Lessons Learned From The Failure Of Segway

I have never been on a Segwaybut they look like a fun way to get around. On vacations to various islands it seems that one of the things you can always do is rent a Segway to go exploring around town.

While they look like fun, Segway’s have been a failure as a commercial product. Paul Sloane who has written several books on innovation recently wrote an interesting blog post analyzing why the Segway failed. Sloane’s analysis highlights some lessons to learn for your innovation efforts:

1.Expectations were too high. The Segway was described as the future of transport. As an innovation it was said to be on a par with the PC or the internet. Inevitably it could not live up to this level of hype. PR exposure is generally useful but this time it was overdone.

2.It was a product not a solution. The product works well but it lacked a support context. Where can you park it? How do you charge it? Do you use it on roads or sidewalks? Our cities are designed for pedestrians or speedy vehicles and this was neither so it had no proper infrastructure to support it.

3.No clear need or target market. Who was the target market? Who really needed this? It was an appealing novelty but there was no compelling need for anyone to buy it – and it was very expensive ($5,000).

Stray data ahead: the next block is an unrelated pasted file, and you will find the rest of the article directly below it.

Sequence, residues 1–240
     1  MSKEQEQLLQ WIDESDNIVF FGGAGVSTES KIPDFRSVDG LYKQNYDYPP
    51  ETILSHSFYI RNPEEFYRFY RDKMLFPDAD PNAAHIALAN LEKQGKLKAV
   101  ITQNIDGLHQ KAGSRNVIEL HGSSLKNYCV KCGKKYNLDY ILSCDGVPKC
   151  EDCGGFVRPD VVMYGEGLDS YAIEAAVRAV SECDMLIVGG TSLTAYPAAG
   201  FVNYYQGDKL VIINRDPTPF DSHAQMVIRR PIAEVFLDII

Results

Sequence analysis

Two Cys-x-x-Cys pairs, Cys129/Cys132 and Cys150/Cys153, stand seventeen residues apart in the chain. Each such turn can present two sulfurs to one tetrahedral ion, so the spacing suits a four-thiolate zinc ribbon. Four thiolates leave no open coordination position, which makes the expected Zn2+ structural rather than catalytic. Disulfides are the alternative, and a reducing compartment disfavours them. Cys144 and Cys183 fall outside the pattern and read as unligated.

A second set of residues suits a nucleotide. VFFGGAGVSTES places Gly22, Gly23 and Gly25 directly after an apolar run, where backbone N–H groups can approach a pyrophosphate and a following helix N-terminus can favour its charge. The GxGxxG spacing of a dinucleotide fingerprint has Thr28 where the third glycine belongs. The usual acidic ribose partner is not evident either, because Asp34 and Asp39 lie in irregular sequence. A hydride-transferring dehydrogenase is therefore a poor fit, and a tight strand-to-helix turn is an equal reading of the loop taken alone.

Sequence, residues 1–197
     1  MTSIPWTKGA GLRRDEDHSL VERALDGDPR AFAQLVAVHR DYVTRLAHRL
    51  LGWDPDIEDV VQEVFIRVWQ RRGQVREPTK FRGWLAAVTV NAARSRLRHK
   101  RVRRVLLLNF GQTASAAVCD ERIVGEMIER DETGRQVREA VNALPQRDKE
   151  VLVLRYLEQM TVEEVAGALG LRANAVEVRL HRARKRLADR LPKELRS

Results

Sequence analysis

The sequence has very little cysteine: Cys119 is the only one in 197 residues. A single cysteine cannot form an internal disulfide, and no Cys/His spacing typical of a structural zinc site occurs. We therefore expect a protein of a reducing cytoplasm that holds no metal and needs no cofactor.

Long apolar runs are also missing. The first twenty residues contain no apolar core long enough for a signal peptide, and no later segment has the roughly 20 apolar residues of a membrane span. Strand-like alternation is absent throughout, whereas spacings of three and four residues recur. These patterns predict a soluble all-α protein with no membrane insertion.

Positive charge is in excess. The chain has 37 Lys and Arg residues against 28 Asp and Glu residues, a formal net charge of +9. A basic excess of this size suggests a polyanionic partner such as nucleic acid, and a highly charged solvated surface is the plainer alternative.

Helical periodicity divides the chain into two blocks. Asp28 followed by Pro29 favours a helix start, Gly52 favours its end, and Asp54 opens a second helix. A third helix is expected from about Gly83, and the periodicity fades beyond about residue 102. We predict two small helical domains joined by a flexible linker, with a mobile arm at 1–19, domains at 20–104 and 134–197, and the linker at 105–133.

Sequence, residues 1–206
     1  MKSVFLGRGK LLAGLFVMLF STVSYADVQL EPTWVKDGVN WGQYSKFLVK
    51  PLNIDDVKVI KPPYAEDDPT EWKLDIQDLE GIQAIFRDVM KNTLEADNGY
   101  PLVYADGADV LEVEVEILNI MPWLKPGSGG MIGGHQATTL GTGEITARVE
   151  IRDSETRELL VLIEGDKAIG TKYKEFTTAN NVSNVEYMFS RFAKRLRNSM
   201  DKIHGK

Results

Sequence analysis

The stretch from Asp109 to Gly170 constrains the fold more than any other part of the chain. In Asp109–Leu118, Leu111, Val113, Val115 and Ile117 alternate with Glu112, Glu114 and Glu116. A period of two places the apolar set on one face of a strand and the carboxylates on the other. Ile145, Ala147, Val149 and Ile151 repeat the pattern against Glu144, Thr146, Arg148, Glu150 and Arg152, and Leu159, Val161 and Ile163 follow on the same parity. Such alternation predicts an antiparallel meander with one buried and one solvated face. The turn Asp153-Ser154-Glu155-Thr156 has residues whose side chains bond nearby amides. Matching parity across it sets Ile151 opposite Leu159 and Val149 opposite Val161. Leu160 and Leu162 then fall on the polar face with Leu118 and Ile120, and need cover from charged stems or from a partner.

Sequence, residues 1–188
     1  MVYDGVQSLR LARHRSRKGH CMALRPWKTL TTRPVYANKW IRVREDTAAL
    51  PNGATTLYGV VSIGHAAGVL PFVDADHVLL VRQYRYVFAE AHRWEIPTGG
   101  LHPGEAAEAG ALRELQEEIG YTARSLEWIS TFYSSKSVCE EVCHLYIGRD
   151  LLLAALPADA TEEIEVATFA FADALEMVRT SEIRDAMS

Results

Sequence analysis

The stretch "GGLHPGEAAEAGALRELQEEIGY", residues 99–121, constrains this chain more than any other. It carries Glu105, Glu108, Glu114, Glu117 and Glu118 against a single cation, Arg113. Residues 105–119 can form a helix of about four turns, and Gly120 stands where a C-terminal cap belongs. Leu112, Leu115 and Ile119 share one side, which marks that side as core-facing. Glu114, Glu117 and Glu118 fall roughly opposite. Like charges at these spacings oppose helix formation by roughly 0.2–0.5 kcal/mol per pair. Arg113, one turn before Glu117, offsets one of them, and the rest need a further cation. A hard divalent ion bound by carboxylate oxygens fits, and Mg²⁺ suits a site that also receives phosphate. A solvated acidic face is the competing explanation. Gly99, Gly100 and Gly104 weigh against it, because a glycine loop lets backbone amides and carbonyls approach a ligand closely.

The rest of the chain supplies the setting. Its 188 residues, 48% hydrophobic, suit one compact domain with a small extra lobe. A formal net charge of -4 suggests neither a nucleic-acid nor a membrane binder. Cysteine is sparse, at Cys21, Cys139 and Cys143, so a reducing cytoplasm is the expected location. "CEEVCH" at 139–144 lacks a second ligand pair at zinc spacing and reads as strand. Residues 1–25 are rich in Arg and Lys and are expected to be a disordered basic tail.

4.It was an invention rather than an innovation. The Segway was patented and kept under wraps until its launch. There was no user feedback or iteration in the process. Its inventors were then surprised when people criticised or ridiculed the design for being ‘dorky’ rather than cool.

5.Regulation. The Segway fell foul of regulation in many countries where it was banned from sidewalks and roads because it did not fit any existing categories. This is a problem for a truly revolutionary product – but it was not properly anticipated.

We need more innovative approaches to government and when implementing new ideas, the five points highlighted above must be considered.


Leave a Comment


Leave a Reply

Gordon Lee Salmon

Paul thanks for your post on lesson learned on innovation from Segway. Besides seeing tourist riding them around the city, usually in packs with a “mother duck leader”, I see the parking enforcement folks on them and police on foot patrol. So there are commercial uses too. The challenge for government innovations is to think outside of the organization’s silos and see where else new ideas can be used so the wealth can be shared, and ultimately, costs cut.

David Dejewski

I’m not so sure we can chalk this up to a complete failure. I’ve ridden them myself and ad a great time. They really helped in San Francisco!

I have a neighbor that rides his Segway almost every day to go walk his dog. He’s not able to walk otherwise and his Segway still get’s open-windowed “Wow’s” from kids – as recently as this morning.

I’m also thinking the Segway has stimulated thinking in products like the Tek RMD. Video below.

I’d have one myself, but the price point was just too high. If they’d found a way to produce them on a larger scale and lower the price point, I think a lot more people would be riding them. I suppose they fell down on their marketing strategy.